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Wednesday, March 09, 2011

World Bank tells Cambodia to halt evictions, offers help

Published: Wednesday, Mar 9, 2011, 14:27 IST
Place: PHNOM PENH | Agency: Reuters

The World Bank called on the Cambodian government on Wednesday to halt the eviction of another 10,000 people at a controversial real estate development and offered to help those who had lost their homes.

The dispute centres on land around Boeung Kak Lake in the capital, Phnom Penh. Activists say around 2,000 families have already been evicted and forced to accept minimal compensation after the government leased the land to a private developer.

"We are deeply troubled and frustrated about the people who are being forced from their homes," World Bank President Robert Zoellick said in a statement.

He said the World Bank would help those facing eviction and that it had offered the government financing and technical advice.

"We are open to other ways to help these people. We have repeatedly called on the government to end the evictions. We are seeking a positive government response," he added.

Land ownership is a big problem in the Southeast Asian country, where legal documents were destroyed and state institutions collapsed under the Khmer Rouge regime of the 1970s and the civil war that followed.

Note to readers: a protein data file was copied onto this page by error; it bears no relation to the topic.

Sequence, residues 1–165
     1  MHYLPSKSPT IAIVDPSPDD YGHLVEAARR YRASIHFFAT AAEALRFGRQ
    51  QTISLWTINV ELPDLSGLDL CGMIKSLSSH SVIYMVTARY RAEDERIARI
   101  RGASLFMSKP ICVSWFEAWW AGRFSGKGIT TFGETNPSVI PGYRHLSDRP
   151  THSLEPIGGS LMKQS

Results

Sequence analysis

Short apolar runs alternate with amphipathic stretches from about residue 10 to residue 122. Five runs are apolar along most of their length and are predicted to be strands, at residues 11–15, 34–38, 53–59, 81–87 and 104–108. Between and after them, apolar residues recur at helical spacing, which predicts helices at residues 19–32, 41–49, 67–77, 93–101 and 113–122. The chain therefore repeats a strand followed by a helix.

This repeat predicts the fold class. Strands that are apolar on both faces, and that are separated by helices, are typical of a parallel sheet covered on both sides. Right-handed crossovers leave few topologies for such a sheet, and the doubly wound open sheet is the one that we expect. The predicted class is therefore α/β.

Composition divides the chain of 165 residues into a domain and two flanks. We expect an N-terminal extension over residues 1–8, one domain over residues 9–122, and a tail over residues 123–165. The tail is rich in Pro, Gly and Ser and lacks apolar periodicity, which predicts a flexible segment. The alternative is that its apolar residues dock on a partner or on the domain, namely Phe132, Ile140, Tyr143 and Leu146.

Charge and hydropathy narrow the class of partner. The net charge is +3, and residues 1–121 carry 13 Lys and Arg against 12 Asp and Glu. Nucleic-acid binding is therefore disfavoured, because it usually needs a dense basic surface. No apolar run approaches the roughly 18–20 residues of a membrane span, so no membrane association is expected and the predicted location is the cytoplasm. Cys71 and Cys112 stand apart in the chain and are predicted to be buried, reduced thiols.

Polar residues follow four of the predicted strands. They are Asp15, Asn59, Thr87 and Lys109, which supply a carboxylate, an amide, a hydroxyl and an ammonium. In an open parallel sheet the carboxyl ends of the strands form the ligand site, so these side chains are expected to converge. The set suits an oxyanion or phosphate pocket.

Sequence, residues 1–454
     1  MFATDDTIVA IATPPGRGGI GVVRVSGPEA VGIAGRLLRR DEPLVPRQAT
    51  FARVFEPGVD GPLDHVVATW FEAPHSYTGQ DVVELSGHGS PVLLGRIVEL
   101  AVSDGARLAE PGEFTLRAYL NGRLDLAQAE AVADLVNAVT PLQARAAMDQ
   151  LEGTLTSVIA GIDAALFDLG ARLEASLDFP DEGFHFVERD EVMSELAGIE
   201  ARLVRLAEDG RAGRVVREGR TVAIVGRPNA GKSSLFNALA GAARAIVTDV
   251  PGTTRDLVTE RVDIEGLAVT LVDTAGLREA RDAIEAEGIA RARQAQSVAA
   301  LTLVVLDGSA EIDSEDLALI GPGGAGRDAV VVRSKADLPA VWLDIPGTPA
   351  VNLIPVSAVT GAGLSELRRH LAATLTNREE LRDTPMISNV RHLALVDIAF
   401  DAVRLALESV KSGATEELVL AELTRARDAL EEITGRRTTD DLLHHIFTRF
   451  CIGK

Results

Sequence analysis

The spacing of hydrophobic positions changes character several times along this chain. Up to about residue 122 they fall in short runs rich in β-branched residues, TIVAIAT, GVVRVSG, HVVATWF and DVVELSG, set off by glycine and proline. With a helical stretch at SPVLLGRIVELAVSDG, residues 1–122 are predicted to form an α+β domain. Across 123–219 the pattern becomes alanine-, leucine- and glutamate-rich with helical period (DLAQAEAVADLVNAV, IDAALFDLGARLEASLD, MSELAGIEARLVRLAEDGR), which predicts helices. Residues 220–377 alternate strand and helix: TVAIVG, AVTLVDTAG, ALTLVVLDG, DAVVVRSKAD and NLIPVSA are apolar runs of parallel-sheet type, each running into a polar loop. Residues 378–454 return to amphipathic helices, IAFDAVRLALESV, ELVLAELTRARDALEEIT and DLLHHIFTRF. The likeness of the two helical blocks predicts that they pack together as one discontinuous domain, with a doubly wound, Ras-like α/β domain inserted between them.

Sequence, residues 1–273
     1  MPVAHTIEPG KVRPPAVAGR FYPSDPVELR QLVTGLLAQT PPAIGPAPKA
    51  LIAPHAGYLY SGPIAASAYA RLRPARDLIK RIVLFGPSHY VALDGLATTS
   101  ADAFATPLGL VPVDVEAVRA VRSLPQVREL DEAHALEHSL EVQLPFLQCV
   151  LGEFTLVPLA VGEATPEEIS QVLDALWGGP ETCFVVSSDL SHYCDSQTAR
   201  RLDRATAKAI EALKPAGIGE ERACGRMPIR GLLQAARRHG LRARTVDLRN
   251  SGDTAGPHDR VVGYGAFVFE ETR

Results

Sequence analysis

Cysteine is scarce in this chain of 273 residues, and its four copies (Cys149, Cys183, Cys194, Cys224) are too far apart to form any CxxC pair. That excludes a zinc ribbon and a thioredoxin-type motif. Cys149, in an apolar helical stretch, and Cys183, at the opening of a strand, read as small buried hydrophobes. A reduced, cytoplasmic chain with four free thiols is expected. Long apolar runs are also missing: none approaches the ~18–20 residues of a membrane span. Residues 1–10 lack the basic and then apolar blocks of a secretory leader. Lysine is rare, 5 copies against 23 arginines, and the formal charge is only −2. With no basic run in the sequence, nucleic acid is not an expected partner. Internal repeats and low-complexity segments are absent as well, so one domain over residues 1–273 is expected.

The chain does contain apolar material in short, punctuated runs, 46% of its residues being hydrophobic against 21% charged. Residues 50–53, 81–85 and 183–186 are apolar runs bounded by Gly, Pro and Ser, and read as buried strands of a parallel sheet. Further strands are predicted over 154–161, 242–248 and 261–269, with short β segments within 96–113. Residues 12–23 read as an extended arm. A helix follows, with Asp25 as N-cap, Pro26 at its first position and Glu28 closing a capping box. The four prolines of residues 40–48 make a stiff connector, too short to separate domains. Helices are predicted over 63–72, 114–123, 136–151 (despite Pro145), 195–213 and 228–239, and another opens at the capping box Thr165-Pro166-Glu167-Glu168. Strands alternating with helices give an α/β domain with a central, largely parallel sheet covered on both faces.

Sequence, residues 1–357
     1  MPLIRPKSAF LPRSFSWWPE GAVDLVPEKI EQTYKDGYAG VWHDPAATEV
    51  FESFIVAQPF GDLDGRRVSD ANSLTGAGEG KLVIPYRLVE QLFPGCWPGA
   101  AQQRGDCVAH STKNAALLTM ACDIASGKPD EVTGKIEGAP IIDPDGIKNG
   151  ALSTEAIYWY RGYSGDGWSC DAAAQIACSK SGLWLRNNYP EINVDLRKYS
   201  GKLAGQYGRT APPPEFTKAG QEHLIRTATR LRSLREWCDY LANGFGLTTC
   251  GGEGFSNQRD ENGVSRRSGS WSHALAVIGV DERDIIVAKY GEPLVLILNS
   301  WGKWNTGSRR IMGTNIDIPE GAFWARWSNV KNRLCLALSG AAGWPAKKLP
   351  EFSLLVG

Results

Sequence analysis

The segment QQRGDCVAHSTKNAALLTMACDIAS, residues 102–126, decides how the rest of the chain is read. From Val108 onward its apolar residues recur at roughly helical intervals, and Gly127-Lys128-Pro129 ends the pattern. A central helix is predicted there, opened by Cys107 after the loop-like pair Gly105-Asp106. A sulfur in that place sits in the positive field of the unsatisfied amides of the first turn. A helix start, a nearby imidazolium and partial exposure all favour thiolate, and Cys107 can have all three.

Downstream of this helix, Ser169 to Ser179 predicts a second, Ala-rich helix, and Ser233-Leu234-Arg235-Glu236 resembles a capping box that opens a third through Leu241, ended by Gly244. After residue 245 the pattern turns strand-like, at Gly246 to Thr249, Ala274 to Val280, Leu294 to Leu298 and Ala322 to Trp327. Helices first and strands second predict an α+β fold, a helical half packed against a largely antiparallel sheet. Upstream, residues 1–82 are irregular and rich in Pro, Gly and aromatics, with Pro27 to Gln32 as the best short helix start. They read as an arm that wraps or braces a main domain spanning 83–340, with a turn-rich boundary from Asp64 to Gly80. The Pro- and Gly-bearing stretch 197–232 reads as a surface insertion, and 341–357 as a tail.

The World Bank had been helping the authorities with land management and administration but the government pulled out of the project in September 2009 because of rows over evictions.

"We call on the government to stop the evictions and to find a way to help the people. Over the last decade Cambodia has experienced high levels of economic growth, leading to increased pressure on land," said Annette Dixon, the World Bank's country director in Cambodia.

The World Bank statement acknowledged that people evicted from around Boeung Kak Lake had been "displaced in violation of the policies the Bank agreed with the government for handling resettlement" and that the Bank had been slow to respond.

A Cambodian government spokesperson declined to comment. An official working on the case said those who had already left the lake area had gone voluntarily and he denied activists' claims that the remaining families had been given a deadline to leave.

"We have accepted residents' request for talks on this on Friday," said Keut Chhe, deputy cabinet chief of Phnom Penh City Hall.

He said he could not comment on whether the government would renew its work on land management with the World Bank.

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